Yi-Han Lin, PhD

Staff Scientist



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Yi-Han Lin, Ph.D. joined the Infectious Disease Department of the J. Craig Venter Institute at the Rockville campus in 2018. Dr. Lin has extensive experience with bacterial pathogenesis, and her research has been focused on proteins involved at the host-pathogen interaction interface. With a variety of techniques including biochemical, biophysical, imaging, in vitro and cell-based assays, Dr. Lin has characterized different post-translational modifications of proteins that mediate microbial virulence at the host-pathogen interface.

Prior to joining JCVI, Dr. Lin completed her post-doctoral training at the National Institutes of Health, working on elucidating the molecular mechanisms underlying Legionella pueumophila pathogenesis. Dr. Lin received her Ph.D. degree in Chemistry from Emory University, and her B.S. degree in Chemistry from National Taiwan University.

Research Priorities

Identify novel antimicrobial peptides and characterize mode of action

  • Characterize the antimicrobial activity of proteolytic products of the innate immune response activated during urinary tract infection, sexually transmitted diseases, or other bacteria-mediated diseases
  • Elucidate the mode of action of novel antimicrobial peptides by MS

Host-microbial interaction interface study

  • Profile post-translational modifications (PTM) of host or microbial proteins involved in human diseases using MS to recapitulate the role of PTM at the host-pathogen interface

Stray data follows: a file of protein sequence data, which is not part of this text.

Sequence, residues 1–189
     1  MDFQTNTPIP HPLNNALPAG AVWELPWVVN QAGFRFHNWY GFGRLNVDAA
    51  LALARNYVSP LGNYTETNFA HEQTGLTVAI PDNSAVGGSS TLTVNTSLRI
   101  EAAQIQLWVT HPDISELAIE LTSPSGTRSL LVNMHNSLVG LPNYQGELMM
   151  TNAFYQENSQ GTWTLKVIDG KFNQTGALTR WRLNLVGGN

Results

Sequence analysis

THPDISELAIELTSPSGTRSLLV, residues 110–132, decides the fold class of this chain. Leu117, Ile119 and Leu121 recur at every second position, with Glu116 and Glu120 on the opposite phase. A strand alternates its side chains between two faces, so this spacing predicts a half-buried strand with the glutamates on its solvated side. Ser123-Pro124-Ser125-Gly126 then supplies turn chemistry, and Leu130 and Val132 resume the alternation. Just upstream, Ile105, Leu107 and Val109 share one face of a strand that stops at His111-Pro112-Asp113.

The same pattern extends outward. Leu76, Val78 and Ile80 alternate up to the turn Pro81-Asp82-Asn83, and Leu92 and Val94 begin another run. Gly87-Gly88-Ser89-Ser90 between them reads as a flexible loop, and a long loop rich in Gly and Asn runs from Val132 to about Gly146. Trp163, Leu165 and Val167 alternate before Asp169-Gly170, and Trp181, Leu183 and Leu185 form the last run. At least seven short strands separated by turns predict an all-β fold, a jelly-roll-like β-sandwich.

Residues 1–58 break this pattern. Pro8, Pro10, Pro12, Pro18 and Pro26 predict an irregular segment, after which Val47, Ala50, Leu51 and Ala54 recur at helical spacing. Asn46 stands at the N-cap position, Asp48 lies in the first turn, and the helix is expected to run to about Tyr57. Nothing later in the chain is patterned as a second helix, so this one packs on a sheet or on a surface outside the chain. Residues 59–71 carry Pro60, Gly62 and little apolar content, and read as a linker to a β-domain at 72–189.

• Generate deletion strains of bacterial pathogens to evaluate function of virulence factors identified by MS

Development of high-throughput MS sample analysis

  • Apply and compare different sample preparation devices to establish economical, efficient, and effective methods for quantitative proteomic and peptidomic profiling
  • Implement high-throughput sample processing methods for biomarker discovery in different disease bases

Select Publications

RavN is a member of a previously unrecognized group of Legionella pneumophila E3 ubiquitin ligases.
PLoS pathogens. 2018-02-07; 14.2: e1006897.
PMID: 29415051
Exploitation of the host cell ubiquitin machinery by microbial effector proteins.
Journal of cell science. 2017-06-15; 130.12: 1985-1996.
PMID: 28476939
Host Cell-catalyzed S-Palmitoylation Mediates Golgi Targeting of the Legionella Ubiquitin Ligase GobX.
The Journal of biological chemistry. 2015-10-16; 290.42: 25766-81.
PMID: 26316537
A Rhizobium radiobacter Histidine Kinase Can Employ Both Boolean AND and OR Logic Gates to Initiate Pathogenesis.
Chembiochem : a European journal of chemical biology. 2015-10-12; 16.15: 2183-90.
PMID: 26310519
Role of the VirA histidine autokinase of Agrobacterium tumefaciens in the initial steps of pathogenesis.
Frontiers in plant science. 2014-05-14; 5.195.
PMID: 24860585
The receiver domain of hybrid histidine kinase VirA: an enhancing factor for vir gene expression in Agrobacterium tumefaciens.
Journal of bacteriology. 2010-03-01; 192.6: 1534-42.
PMID: 20081031
Structural characterization of sialic acid synthase by electrospray mass spectrometry--a tetrameric enzyme composed of dimeric dimers.
Journal of the American Society for Mass Spectrometry. 2005-03-01; 16.3: 324-32.
PMID: 15734325